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Blog post image 21

Mountain Madness welcomes new guides for the summer season!

This May, Moun­tain Mad­ness wel­comed me and nine oth­er new guides and appren­tices to their guide train­ing; essen­tial­ly an epic climb­ing road trip focused on guide devel­op­ment. Mod­eled sim­i­lar­ly to the Mad­ness Alpine Climb­ing Course, the train­ing cov­ered glac­i­er and rock skills, cul­mi­nat­ing with alpine climb­ing objectives. 

Begin­ning on Mount Bak­er, we prac­ticed teach­ing glac­i­er trav­el skills and crevasse res­cue. Our time there con­clud­ed with short rop­ing each oth­er up the Roman Wall to the sum­mit and a ski descent! In Leav­en­worth we drilled in the intri­ca­cies of guid­ing groups in mul­ti­p­itch ter­rain. Apply­ing our hard work and new knowl­edge, we guid­ed each oth­er up clas­sic routes at Cas­tle Rock. Our train­ing crescen­doed with two days of mock guid­ing alpine lines in Wash­ing­ton Pass. 
Before good­byes, we each shared an image or moment that stood out to us on the eight days we spent togeth­er on this won­der­ful climb­ing road trip. I’d like to share some of those images and moments with you and invite you to join us on our guides training. 
Low­er Cole­man Glac­i­er, Mount Bak­er: Dur­ing our crevasse res­cue prac­tice, we stop in awe at the mas­sive chunks of ice cleav­ing off the cliff side to our left. Every twen­ty min­utes, refrig­er­a­tor sized blocks tum­ble and crash. Its beau­ti­ful when you know it can’t hit you!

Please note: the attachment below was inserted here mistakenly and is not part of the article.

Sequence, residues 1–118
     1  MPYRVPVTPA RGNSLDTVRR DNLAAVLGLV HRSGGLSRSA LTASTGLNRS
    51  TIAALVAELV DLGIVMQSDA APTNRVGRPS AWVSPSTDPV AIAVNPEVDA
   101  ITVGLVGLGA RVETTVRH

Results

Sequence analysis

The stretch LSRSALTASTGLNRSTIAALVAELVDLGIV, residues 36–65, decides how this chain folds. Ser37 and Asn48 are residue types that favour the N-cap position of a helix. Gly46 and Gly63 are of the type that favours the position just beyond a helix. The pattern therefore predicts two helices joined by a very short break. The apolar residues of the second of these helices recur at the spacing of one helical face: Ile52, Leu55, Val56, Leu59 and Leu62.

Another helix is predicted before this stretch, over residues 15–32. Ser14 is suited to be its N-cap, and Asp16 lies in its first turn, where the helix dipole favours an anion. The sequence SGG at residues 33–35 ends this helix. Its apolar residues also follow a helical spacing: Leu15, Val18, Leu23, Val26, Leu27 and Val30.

Roman Head­wall, Mount Bak­er: Our instruc­tors sneak up on our side and exclaim, You look so pro!” They were impressed by our neat kiwi coils, good stances, and con­sis­tent taught pres­sure while we short roped our clients’ through tricky steep terrain. 
Com­ing down the Pumice Ridge, Mount Baker
Cole­man Dem­ing Glac­i­er, Mount Bak­er: Our smiles are ear to ear, feel­ing gid­dy, laugh­ing, and whoop­ing! Ski­ing down a moun­tain is by far the best way to fin­ish a climb! 
Cas­tle Rock, Tumwa­ter Canyon: High up on Cas­tle Rock, we look down and watch turkey vul­tures cir­cle the roar­ing riv­er. The day is sun­ny, the air smells of pine, and we get to rock climb! 
South Arête, South Ear­ly Win­ter Spire, Wash­ing­ton Pass: We are prac­tic­ing short rop­ing again! This time the rock is slip­pery and the small trees along the route are accu­mu­lat­ing sev­er­al inch­es of snow. The clouds wan­der­ing through the rock spires and occa­sion­al­ly envelop­ing us makes the whole day feel extra alpine! 
Just below the sum­mit of Lib­er­ty Bell, Wash­ing­ton Pass
Lib­er­ty Bell, Wash­ing­ton Pass: Some­how the rock has dried for our final assess­ment. Each of us have a por­tion we are respon­si­ble for: the approach, ascent, or descent, on three dif­fer­ent routes: The Becky Route (5.6), Rap­ple Grap­ple (5.8) and The Girl Next Door (5.9). We all sum­mit and cel­e­brate our suc­cess and the 360 degree views of crag­gy, snow cov­ered peaks. Grin­ning ear to ear again, we test each oth­er’s boot ski­ing skills as we run, slide, and glide back to the cars. 
The guide train­ing at Moun­tain Mad­ness left me feel­ing con­fi­dent guid­ing in rock, glaciat­ed, and alpine ter­rain and pre­pared to teach our clients the skills they need to be suc­cess­ful. I was sad when our climb­ing road trip end­ed, but real­ly, it is just the begin­ning of many moun­tain adven­tures with my fel­low guides and clients in the North Cascades! 
- Amber Smith